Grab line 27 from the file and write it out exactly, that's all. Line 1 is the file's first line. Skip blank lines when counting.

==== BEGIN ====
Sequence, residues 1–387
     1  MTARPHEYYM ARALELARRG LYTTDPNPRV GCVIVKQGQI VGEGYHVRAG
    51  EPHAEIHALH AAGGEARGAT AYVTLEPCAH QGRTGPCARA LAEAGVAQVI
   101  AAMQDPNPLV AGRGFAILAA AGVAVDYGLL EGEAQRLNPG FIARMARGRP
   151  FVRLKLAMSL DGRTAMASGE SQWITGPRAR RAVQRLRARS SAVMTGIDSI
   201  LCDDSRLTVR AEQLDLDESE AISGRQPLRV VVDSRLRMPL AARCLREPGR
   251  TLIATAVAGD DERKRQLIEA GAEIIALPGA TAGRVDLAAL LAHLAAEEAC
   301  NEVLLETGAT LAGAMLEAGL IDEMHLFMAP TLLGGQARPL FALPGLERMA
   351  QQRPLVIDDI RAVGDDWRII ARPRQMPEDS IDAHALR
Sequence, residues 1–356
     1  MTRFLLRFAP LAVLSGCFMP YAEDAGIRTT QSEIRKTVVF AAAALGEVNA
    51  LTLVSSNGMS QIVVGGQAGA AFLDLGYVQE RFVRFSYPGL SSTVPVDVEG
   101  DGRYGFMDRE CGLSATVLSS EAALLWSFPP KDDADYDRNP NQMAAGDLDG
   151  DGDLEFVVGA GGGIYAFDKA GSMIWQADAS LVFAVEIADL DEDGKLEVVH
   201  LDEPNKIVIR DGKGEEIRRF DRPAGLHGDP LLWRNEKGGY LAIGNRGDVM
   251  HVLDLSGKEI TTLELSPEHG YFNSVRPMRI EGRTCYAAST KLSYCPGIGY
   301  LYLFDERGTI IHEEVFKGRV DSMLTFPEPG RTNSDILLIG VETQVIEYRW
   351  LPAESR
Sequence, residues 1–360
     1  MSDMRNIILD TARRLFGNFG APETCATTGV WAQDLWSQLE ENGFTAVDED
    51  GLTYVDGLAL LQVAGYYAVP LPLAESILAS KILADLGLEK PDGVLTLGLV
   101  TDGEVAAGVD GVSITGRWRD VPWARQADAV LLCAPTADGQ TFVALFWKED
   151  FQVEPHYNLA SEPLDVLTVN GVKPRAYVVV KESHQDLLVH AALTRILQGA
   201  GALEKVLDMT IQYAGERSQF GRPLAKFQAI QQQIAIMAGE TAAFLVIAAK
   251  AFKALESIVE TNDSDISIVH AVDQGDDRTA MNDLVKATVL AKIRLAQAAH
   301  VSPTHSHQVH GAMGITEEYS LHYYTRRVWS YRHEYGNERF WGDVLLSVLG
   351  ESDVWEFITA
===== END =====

   351  ESDVWEFITA